The decimal point is travelling? IMHO this is still tinfoil. Find me a real source. I can't. Everything points back to this skynews source; nothing MSM that I can see.

    CBS affiliate Updated: Nov 28, 2012 9:18 AM EST :

    http://www.kgwn.tv/story/20199058/5-...tes-your-money
    Increasing demand for copper and zinc has forced Treasury secretary Geithner to propose the use of steel alloy to replace the more expensive metals. This change requires congressional approval, but it doesn't address the diminishing use of the penny due to decades of inflation. Perhaps the government should consider abolishing the penny altogether.
    Same line repeated here:
    http://www.sfgate.com/business/inves...ey-4037207.php
    http://www.investopedia.com/financia...#axzz2DcINXPjR


    Tim Giethner stated in a press conference today that the U.S. Mint will remove the penny and nickel coins from circulation, starting early in January 2013.
    Taken out of context, I expect. To be replaced with non-zinc copper alloy.

    Quote Originally Posted by LibForestPaul View Post
    It will be made of cheap aluminum soon.
    My bet is steel alloy; stainless.

    I'm dropping HOAX on this

    cite me wrong...
    Last edited by presence; 11-29-2012 at 07:20 AM.
    It does not require a majority to prevail, but rather an irate, tireless minority keen
    to set brush fires in peoples minds! Revolution is Action upon Revelation!

    The small green parakeet, Tito, was flung helplessly from the cage, landing on the floor. When a girl screamed, the officer sneerd:
    "F*** THE BIRD !!!"
    ...and stomped on it with his jackboot. READ MORE: http://www.policestateusa.com/2013/n...lugo-parakeet/


  19. #18

    Default

    United States Mint
    FY 2013
    President’s Budget
    Submission

    http://www.treasury.gov/about/budget...0Mint%20CJ.pdf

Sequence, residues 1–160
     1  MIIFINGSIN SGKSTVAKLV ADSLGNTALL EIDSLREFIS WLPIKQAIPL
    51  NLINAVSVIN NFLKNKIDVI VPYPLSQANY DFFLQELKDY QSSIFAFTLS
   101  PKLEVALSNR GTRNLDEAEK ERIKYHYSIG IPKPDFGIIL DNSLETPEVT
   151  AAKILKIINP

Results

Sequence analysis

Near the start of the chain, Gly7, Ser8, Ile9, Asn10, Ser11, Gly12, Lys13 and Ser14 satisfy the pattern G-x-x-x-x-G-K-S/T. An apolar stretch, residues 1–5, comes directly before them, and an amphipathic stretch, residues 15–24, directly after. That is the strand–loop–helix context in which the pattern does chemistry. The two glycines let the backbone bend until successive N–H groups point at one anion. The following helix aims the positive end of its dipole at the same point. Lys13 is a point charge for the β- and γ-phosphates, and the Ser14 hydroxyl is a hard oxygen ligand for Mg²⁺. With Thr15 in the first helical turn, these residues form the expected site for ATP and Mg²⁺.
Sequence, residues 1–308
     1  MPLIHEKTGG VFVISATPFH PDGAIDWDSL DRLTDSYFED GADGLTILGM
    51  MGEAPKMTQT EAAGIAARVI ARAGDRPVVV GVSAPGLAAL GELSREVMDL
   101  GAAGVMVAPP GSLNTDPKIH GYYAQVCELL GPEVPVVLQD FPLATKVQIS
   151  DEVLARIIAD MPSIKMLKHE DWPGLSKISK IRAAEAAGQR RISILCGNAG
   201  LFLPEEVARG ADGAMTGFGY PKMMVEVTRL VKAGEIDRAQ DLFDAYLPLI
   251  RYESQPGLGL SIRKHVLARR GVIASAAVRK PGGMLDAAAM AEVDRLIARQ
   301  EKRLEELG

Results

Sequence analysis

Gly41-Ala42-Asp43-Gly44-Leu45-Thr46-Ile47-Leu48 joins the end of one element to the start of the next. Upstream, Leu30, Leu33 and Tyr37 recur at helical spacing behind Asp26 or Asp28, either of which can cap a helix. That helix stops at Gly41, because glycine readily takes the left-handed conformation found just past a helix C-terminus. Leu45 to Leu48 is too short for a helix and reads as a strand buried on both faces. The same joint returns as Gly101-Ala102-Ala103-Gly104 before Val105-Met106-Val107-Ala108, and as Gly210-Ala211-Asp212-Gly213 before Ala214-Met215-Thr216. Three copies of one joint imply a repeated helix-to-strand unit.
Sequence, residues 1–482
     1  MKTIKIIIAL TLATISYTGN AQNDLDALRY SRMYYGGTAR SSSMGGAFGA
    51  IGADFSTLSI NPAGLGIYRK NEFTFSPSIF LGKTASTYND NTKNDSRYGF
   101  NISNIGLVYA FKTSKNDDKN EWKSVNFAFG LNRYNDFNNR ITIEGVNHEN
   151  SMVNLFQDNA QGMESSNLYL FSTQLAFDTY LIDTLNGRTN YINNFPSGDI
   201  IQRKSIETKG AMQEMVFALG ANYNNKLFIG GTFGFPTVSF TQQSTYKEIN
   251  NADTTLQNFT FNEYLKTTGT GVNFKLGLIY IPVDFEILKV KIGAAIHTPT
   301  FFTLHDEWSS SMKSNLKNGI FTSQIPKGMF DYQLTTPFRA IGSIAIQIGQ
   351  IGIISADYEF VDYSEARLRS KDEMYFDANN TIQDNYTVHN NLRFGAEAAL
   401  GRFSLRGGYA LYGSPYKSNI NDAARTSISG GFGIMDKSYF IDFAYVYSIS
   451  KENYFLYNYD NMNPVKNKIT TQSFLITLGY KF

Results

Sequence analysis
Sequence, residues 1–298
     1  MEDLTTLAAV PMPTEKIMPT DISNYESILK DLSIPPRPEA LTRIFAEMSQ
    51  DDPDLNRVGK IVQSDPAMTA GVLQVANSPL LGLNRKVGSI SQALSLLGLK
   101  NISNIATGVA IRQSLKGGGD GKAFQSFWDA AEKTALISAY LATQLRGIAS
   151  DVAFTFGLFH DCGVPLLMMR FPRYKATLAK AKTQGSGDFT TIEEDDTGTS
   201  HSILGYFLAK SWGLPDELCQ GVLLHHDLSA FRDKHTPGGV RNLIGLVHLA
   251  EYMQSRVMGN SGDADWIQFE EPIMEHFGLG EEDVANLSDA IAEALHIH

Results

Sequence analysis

However, the PEF funding model for circulating operations currently faces a risk because of the rising cost of metal. Increasing metal prices have driven production costs to exceed the face value of one-cent coins (pennies) and 5-cent coins (nickels) since FY 2006. Positive seigniorage from minting and issuing higher denominations has fully offset the losses the Mint incurs from minting and issuing pennies and nickels. Consequently, overall positive seigniorage from the circulating coin program has become highly dependent on the production of higher denominations, but increases in metal prices have dramatically reduced the seigniorage accrued from these higher denomination coins as well. To address the effect of rising metal prices on the financial viability of the circulating coin program, the Mint is conducting research and development (R&D) on potential new metallic coinage materials, pursuant to the Coin Modernization, Oversight, and Continuity Act of 2010 (Public Law 111-302). From this R&D effort, the Mint must issue biennial reports to Congress, analyzing production costs for each circulating coin, cost trends for such production, and possible new metallic materials or technologies for the production of circulating coins. These reports also must include detailed recommendations for any appropriate changes to the metallic content of circulating coins in such a form that the recommendations could be enacted into law as appropriate, as well as recommendations for changes in the methods of producing coins that would further reduce the costs to produce circulating coins. Notes on the legislative changes that are necessary to achieve such goals must also be included. The first biennial R&D report is due to Congress in December 2012.